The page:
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The Maximalist

If in doubt, add it to the holiday décor

Photographs by Rana Faure

For Rachel Volpone decorating her house for the holidays is an extension of her approach to life. “I’m a maximalist,” declares Volpone. “More is more. That’s why I love working with interior designer Molly Hirsch. She understands scale, texture, and makes sense of the craziness and traditional that I like to think I embody.”

Volpone and Hirsch are putting the finishing touches on the holiday decorations in Volpone’s Spectacle Lane house. They have constructed a series of holiday vignettes throughout the house that make use of Volpone’s art, objects around her house, and products available at the annual Festive Home sale at the Ridgefield Guild of Artists on Halpin Lane. 
Designer Christy Kinsman, owner of the new Little House Shoppe in Copps Hill Plaza, had the idea to pair designers with artists for this year’s Festive Home, and collaborated with artist Claire Watson Garcia to create a glamorous, ethereal vignette. “Pairing artists and designers is such a great idea,” says Volpone, who by all accounts is a central figure for local creative types, and whose work is featured in Hirsch’s Guild vignette. 
Neither Hirsch nor Volpone is a swag and bow person. “Some people think holiday, and they think green and red, but it doesn’t have to be. It doesn’t have to be so serious,” says Hirsch. The high point of the decorations for her is a Magnolia wreath, painted with red lacquer. “I’ve been pining for this wreath for years, and am so glad I can finally use it,” says Hirsch, who has put the wreath on the kitchen window. “I’m imagining that will be up all year,” coos Volpone.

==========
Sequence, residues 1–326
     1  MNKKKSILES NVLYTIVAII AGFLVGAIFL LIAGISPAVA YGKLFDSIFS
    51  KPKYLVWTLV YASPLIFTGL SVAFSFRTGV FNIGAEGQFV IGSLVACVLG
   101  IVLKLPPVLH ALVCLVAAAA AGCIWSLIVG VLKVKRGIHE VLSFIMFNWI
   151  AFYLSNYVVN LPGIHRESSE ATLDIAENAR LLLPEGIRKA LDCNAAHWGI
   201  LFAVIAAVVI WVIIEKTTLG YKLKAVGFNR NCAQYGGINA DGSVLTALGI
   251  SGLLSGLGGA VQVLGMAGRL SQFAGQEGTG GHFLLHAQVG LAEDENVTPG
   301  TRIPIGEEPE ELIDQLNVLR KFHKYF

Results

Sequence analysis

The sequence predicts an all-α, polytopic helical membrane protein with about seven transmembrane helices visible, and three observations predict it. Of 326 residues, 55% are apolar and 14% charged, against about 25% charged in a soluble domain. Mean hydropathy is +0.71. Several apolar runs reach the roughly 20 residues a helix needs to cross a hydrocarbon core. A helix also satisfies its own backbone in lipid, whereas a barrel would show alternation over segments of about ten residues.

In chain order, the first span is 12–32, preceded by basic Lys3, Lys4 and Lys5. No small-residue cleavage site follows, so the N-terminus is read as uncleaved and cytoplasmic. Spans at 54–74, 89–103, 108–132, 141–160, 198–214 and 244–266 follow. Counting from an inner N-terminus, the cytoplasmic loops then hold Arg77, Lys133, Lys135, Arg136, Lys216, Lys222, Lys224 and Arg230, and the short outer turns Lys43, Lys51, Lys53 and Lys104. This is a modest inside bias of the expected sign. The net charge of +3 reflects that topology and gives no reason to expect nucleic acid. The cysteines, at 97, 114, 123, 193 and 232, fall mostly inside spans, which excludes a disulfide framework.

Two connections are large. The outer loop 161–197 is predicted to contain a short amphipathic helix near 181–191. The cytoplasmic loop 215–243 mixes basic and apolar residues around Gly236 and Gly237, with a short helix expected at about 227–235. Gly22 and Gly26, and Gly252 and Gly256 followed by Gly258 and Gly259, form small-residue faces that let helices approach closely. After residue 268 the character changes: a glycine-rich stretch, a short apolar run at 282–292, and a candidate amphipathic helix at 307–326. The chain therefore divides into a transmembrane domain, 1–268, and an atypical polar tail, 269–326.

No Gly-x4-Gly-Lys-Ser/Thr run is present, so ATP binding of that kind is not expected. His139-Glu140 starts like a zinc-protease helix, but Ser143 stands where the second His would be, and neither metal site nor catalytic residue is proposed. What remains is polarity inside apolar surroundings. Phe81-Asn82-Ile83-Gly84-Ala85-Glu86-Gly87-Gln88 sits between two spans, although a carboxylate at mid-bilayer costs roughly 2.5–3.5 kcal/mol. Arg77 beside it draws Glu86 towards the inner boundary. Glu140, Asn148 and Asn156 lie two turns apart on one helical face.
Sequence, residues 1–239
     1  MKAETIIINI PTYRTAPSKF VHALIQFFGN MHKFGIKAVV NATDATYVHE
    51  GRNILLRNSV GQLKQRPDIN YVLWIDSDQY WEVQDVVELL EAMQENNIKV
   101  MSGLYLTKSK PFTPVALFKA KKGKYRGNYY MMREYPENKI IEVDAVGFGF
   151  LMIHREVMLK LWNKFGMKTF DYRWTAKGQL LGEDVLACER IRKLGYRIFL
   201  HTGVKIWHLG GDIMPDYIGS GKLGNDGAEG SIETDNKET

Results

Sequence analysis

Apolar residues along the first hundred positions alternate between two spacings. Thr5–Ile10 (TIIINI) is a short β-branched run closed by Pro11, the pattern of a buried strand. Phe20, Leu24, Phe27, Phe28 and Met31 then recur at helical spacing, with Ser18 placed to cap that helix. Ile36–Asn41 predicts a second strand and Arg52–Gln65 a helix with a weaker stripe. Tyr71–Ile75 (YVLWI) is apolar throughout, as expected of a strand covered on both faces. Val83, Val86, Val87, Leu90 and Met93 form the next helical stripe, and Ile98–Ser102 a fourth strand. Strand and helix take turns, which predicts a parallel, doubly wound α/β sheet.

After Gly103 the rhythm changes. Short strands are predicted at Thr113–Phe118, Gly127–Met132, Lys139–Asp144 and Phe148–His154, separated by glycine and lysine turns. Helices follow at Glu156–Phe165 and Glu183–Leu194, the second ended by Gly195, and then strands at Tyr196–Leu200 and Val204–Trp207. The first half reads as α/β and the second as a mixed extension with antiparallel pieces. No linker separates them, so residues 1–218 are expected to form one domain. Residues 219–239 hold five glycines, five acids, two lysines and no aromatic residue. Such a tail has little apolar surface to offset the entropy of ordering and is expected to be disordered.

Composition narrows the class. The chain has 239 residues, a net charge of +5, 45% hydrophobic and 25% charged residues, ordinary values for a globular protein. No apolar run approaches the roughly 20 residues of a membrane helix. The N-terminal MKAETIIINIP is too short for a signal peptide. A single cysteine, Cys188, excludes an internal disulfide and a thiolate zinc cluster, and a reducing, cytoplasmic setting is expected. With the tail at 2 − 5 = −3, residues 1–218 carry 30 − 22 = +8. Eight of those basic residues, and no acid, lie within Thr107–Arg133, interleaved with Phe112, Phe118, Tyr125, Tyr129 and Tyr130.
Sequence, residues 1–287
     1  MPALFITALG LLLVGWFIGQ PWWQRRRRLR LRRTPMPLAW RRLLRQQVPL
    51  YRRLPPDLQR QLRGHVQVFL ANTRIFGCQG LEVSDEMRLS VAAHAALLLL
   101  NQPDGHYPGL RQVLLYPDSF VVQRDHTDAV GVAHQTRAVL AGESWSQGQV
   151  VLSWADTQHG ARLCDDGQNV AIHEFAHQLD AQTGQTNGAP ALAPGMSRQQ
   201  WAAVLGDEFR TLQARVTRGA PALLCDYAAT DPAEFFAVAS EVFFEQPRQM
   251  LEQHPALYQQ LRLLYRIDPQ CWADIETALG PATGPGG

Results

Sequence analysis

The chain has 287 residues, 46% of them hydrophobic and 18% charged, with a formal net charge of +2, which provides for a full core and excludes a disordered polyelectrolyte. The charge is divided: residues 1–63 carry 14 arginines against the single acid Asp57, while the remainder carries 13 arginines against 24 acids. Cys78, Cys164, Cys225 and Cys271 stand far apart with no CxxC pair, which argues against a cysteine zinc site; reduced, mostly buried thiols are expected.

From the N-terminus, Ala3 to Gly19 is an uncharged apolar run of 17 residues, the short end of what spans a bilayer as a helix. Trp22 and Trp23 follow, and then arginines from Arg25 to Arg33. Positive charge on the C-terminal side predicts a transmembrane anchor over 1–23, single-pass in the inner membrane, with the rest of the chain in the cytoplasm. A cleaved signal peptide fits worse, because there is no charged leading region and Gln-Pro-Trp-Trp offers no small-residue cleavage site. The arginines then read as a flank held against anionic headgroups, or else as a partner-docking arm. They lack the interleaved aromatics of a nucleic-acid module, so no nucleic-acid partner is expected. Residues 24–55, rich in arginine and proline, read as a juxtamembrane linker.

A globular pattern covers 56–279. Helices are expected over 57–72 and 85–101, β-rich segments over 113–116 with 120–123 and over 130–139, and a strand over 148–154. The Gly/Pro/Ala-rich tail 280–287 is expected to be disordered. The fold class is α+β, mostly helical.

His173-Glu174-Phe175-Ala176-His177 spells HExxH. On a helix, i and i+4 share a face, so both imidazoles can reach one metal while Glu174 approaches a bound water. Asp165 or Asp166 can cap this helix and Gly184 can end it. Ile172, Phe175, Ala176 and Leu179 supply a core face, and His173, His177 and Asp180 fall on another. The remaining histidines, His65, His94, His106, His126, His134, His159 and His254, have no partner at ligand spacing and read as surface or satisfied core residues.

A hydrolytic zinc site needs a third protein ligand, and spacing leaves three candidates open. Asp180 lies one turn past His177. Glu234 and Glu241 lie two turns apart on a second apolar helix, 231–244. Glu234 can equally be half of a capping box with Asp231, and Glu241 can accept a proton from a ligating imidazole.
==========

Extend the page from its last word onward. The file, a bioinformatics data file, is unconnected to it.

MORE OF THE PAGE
In Hirsch’s Twin Ridge home, she brings out decorations that conjure memories of past years. “Because I’m a designer, people expect my holiday decorations to be perfect. But, they aren’t. I love my daughter’s honking paper things that she made when she was three,” says Hirsch. For Volpone’s home, the pair has selected art from her basement studio as well as using existing decorations and Festive Home merchandise. Above Volpone’s kitchen stove, Hirsch added green-beaded trees to the family’s tea collection display. A graphic painting of a bowl provides the perfect backdrop.  
Volpone, her husband, and three teenage daughters moved from Main Street to this house two years ago. Since then, Volpone’s mother Rita has moved in. “It’s fast and furious around here,” admits Volpone.  She says that she has worked to recreate the “layers” of an old house in a newer one, and that decorating for the holidays is another layer for her. On almost every wall and surface is a story. Many of these stories are about Volpone’s artist friends and her commitment to the Guild. 
The holiday vignette Volpone and Hirsch staged on the living room mantle is romantic. Set against a rectangular vintage mirror, they have arranged light green frosted houses from Cody Foster, a nostalgic Kim Hanna work, a vintage painting from Volpone’s collection, and pink garlands. “We are going for the Sugar Plum Fairy look,” says Volpone, who points out that the installation hides the poorly painted feet in the otherwise lovely vintage painting